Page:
Imagista recently bumped into Jeff Berlin at a gallery opening in LA. The serendipitous run-in led to our feature of his new project, Cowboy Christmas, a combination of his two passions, photography and flying, and his first foray into rodeo.
Imagista: What was the initial inspiration behind this project or body of work?
Jeff Berlin: Really, I kind of fell into rodeo. An airplane company named Cirrus called and asked if I’d like to pick up an airplane from the factory in Minnesota and fly a pro rodeo cowboy to rodeos for a week and make a story about it. I was living in NYC at the time and rodeo was pretty foreign to me, so I thought why not? Turns out that the week leading up to the July 4th holiday is called Cowboy Christmas. It’s the busiest week of the year for rodeo, and it was the week we flew the circuit. I was literally flying from Wyoming to Arkansas and then to Belle Fourche, South Dakota, in the middle of nowhere, in one day, and we flew like that, crisscrossing the U.S. for seven days. It was exhausting. Still, I fell in love with rodeo; it is achingly photogenic.
Imagista: What do you (or did you) you love about this project?
JB: I loved that rodeo was, to me, a totally new world, an American subculture that I had never experienced before. And that’s also one of the things I love about photography. It gives one entry into new worlds. Rodeo is the history of the American West, is visually compelling, and still has a sense of innocence compared to the extreme commercialism of spectator sports like baseball, football, tennis, NASCAR, etc…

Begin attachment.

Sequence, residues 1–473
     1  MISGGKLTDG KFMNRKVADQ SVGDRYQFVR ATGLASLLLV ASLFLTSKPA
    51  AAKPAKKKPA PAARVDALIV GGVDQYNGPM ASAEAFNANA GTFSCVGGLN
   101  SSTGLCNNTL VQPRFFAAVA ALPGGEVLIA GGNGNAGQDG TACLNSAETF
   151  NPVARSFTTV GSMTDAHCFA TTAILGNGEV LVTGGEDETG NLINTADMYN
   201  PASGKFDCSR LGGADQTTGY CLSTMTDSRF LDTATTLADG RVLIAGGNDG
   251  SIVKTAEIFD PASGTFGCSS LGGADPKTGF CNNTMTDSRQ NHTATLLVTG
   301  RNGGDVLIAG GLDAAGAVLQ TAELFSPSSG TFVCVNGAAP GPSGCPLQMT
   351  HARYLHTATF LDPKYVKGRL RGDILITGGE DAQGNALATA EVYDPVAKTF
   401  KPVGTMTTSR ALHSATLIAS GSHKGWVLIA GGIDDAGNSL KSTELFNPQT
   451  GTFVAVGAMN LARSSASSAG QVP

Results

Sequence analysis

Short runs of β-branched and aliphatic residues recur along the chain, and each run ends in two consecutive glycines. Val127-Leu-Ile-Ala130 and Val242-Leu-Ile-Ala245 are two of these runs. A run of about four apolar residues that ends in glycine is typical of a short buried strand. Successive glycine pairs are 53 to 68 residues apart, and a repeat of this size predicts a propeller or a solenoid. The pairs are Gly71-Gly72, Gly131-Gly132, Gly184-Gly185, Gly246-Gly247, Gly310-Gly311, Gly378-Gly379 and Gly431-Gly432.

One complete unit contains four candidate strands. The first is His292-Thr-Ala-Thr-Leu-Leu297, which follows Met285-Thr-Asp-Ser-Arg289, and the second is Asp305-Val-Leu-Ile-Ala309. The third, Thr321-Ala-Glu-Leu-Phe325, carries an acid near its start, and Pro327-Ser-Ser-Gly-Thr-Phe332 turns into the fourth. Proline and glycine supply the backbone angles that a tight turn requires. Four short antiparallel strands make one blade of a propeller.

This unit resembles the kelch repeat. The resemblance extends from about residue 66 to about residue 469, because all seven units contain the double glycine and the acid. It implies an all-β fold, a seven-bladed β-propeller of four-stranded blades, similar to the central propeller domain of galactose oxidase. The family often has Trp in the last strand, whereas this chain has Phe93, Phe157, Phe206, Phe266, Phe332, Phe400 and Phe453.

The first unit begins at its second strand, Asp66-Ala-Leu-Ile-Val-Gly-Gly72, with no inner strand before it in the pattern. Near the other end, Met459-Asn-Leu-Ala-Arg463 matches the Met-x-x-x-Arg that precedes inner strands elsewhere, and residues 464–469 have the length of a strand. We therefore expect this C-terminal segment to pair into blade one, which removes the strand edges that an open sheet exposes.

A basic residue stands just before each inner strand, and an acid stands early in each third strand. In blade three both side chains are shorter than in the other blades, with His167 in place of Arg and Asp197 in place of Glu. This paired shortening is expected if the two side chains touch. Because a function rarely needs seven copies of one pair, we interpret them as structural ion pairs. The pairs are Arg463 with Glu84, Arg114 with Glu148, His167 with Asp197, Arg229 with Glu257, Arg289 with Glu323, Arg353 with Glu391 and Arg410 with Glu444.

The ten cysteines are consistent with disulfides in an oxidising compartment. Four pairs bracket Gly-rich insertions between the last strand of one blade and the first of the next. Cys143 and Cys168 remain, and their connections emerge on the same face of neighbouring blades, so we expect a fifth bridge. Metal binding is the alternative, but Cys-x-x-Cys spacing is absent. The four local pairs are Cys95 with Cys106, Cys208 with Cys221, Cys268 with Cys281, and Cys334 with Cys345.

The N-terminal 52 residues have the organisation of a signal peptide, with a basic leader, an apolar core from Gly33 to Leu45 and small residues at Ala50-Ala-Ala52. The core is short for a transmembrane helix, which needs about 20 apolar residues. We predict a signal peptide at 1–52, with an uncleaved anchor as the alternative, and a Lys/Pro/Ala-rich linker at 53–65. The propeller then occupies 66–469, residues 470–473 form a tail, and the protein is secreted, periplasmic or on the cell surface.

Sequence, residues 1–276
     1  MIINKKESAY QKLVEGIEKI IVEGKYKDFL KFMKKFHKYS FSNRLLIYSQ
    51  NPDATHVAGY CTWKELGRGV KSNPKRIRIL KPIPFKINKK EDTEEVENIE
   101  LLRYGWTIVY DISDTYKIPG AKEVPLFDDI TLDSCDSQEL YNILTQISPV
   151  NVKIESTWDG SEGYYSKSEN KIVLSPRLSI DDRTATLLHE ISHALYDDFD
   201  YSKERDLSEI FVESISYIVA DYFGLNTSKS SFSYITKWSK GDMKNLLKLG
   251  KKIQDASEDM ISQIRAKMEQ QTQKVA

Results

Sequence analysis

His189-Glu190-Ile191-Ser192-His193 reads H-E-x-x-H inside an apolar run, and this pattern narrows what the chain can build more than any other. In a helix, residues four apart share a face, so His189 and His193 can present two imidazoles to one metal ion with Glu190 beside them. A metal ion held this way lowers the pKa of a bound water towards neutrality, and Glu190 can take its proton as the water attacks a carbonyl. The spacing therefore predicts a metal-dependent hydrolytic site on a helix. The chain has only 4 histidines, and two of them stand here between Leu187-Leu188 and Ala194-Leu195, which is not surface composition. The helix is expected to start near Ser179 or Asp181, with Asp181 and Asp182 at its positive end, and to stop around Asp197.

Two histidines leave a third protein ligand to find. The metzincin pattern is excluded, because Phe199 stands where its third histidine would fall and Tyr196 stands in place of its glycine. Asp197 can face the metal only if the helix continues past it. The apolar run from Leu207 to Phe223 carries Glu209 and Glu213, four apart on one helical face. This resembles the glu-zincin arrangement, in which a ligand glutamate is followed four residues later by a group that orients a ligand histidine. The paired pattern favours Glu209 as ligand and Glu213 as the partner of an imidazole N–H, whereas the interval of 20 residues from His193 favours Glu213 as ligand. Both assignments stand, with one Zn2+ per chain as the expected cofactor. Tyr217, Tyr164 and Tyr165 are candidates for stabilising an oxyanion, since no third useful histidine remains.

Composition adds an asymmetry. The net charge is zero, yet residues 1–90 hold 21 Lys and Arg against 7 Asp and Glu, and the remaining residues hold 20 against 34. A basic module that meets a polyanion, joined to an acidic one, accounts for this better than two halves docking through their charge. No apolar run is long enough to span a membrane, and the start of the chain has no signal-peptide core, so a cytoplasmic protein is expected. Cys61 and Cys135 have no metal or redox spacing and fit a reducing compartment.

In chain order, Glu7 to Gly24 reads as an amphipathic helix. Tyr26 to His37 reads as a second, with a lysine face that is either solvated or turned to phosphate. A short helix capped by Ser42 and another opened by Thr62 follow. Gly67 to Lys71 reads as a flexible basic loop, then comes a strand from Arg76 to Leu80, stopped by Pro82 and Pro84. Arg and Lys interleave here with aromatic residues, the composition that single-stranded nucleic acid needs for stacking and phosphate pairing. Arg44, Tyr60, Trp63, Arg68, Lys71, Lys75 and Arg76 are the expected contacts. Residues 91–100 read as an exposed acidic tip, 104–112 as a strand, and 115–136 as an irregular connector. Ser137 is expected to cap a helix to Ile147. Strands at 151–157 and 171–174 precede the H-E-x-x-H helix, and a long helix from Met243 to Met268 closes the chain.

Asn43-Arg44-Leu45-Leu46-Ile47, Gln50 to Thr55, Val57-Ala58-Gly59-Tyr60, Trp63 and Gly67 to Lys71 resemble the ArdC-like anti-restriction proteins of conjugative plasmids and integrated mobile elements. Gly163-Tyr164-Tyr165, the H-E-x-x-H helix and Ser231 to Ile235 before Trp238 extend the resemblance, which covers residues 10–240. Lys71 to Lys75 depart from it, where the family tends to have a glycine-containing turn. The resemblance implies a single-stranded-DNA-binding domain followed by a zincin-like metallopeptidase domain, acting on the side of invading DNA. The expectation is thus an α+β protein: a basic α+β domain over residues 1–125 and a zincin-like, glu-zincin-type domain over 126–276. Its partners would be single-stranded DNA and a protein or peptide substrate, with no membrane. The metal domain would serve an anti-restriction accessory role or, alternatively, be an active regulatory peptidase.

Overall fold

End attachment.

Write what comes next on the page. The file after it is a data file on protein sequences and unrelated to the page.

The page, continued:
Imagista: For how long, or over what time period, did this project go on?
JB: This project is ongoing. It’s become a passion project and is still in development.
Imagista: Are there any other additional plans with this project?
JB: Eventually I would love for it to become a book. It’s my documentary/fine art project so a gallery show of select images would also be amazing.
Imagista: Is there anything else you’d like to share with us about this project?
JB: People always wonder about the welfare of the animals. There are more rules in the rodeo rulebook concerning treatment of the animals than there are for the human participants. Really, the bulls and bucking horses that we see in the arena are considered athletes themselves.They are scored during their events and at the end of the year, awarded for exemplary performances. If I felt that the animals were abused in any way, I couldn’t support and promote this sport like I do.
To dig a little deeper into this story please check out the following websites: